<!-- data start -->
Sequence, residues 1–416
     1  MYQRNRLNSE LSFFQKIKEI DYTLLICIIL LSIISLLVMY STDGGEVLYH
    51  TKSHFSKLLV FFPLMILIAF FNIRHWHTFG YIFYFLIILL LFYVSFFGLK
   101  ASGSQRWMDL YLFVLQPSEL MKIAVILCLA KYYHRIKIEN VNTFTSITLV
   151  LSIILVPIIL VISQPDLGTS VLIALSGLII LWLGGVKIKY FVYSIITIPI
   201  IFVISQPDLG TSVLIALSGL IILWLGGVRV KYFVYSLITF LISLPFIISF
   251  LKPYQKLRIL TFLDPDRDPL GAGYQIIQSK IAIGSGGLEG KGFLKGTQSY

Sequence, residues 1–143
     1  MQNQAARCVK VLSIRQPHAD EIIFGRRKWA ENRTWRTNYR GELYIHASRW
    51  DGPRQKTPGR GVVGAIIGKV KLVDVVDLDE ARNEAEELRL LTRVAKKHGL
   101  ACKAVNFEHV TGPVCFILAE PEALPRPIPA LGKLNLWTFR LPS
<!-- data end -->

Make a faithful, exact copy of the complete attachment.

Sequence, residues 1–416
     1  MYQRNRLNSE LSFFQKIKEI DYTLLICIIL LSIISLLVMY STDGGEVLYH
    51  TKSHFSKLLV FFPLMILIAF FNIRHWHTFG YIFYFLIILL LFYVSFFGLK
   101  ASGSQRWMDL YLFVLQPSEL MKIAVILCLA KYYHRIKIEN VNTFTSITLV
   151  LSIILVPIIL VISQPDLGTS VLIALSGLII LWLGGVKIKY FVYSIITIPI
   201  IFVISQPDLG TSVLIALSGL IILWLGGVRV KYFVYSLITF LISLPFIISF
   251  LKPYQKLRIL TFLDPDRDPL GAGYQIIQSK IAIGSGGLEG KGFLKGTQSY

Sequence, residues 1–143
     1  MQNQAARCVK VLSIRQPHAD EIIFGRRKWA ENRTWRTNYR GELYIHASRW
    51  DGPRQKTPGR GVVGAIIGKV KLVDVVDLDE ARNEAEELRL LTRVAKKHGL
   101  ACKAVNFEHV TGPVCFILAE PEALPRPIPA LGKLNLWTFR LPS